What’s with the long lens?

So when I shoot portraits, my favourite lens, if I can use it, is the 70-200.

Why “if I can use it”?

Because it is long. That means I need a large studio to stand back a lot. And not every studio is large. In all probability, your kitchen isn’t large, and I bet you do portraits there sometimes.

OK… but why would I want that long lens in the first place?

Because then I get very little distortion. Here’s a student, a few years ago on an Oakville Photo Walk, from far away, with the 70-200mm lens:

That’s what he looked like.

But now let’s get closer. And closer. So we zoom out. Closer still. Wide angle. Closer still. Now we have a very wide angle lens (16-35), and we are very close:

Can you see that’s a very different (and distorted) person?

Sometimes, in an environmental portrait, you may want to get close to the second picture—though never that close, distortion is out. But generally speaking, if it’s a headshot, you want accuracy, and the farther back you stand, the more accurate the representation of the person is.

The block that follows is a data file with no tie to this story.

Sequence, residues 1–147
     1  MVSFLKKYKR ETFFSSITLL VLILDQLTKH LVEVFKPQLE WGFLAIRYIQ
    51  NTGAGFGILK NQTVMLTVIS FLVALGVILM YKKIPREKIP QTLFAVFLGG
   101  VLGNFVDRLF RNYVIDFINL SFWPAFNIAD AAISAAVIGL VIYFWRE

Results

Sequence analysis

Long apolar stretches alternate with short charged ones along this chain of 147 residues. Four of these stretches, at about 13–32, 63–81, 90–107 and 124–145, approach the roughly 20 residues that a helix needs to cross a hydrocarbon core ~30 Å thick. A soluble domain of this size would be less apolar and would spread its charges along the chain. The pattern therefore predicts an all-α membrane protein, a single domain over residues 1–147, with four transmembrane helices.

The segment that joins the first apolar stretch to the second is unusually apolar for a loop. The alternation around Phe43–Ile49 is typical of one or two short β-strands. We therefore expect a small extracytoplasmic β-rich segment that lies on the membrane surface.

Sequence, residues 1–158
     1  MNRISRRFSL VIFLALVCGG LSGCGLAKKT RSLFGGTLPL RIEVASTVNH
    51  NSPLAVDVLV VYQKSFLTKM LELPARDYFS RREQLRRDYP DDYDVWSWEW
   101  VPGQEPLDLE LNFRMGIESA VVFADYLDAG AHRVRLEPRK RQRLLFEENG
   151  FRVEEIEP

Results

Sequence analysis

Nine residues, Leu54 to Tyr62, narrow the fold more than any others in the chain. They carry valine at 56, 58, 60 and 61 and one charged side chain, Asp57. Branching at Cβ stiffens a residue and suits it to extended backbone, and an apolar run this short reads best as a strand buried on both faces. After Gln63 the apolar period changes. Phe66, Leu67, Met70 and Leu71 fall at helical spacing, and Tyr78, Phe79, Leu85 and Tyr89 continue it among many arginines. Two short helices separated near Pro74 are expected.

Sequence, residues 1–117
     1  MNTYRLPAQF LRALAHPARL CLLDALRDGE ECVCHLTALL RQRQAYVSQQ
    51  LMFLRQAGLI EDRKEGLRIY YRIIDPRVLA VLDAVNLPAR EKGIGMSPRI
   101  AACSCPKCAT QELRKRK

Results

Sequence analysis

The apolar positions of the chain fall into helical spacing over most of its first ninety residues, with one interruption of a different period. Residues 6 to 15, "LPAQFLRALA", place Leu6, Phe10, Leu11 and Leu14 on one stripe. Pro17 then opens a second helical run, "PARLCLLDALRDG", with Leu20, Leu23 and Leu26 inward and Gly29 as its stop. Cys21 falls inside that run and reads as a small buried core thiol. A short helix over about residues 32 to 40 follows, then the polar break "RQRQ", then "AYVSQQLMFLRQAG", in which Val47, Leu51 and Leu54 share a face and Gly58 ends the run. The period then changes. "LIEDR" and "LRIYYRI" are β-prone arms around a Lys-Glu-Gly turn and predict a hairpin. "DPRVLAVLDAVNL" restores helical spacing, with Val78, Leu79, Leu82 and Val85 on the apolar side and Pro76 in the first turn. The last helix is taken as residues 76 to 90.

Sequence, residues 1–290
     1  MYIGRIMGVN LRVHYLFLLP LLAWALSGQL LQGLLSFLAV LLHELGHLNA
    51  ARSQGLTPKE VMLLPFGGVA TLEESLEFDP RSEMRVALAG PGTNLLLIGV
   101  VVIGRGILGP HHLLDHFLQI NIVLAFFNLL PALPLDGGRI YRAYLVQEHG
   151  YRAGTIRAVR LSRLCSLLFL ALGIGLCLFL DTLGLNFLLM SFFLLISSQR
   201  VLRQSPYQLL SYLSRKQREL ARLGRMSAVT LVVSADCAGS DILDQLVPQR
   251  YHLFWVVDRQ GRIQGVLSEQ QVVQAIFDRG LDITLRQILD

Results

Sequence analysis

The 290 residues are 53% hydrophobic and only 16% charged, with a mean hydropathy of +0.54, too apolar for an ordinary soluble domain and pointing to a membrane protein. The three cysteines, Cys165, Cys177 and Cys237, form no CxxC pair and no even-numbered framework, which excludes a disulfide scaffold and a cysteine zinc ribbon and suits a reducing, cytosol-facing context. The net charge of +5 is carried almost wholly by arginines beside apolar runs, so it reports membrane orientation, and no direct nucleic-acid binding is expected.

There is a second advantage to being far away: you are not “in their face”. That means you are not perceived as threatening and something to fear. Which in turn means your subject will relax more. Basic psychology.

Practice: 50mm (on a full frame) is the minimum for half body shots; 85mm (ditto) is the minimum for headshots; longer is better for neutral, accurate portraits.

Lesson learned: If you go wide, stand back. Because of course it’s not the lens that does this magic: it’s how far away you stand. The lens just facilitates that.

 

KISS

Photos are good when they contain what’s needed, and no more. Often, that means they are simple.

This was outside my front door an hour ago:

Nice and simple. But I can make it simpler.

I could even remove some of those distracting things on the roof:

Since I do not think the stuff I removed was essential to the photo, the simpler ones are better for me. I say “for me”, because after all, it IS art, and you cannot argue over art. (Doesn’t stop people though.)

Now Google the most expensive photo ever sold. $4m. Look and tell me what you think.

 

How you think: an example

Often. it’s not the “what”, but “how”. How do you decide what settings to you in your cameras? What to shoot?

I shall use myself, and today’s shoot, as an example. I shot a house, for a real estate agent:

When shooting something like this, my camera is in manual model. So I need to make many decisions. And I need to be quick: cannot afford to hang around, for the home-owner’s sake, the realtor’s sake, and my own sake.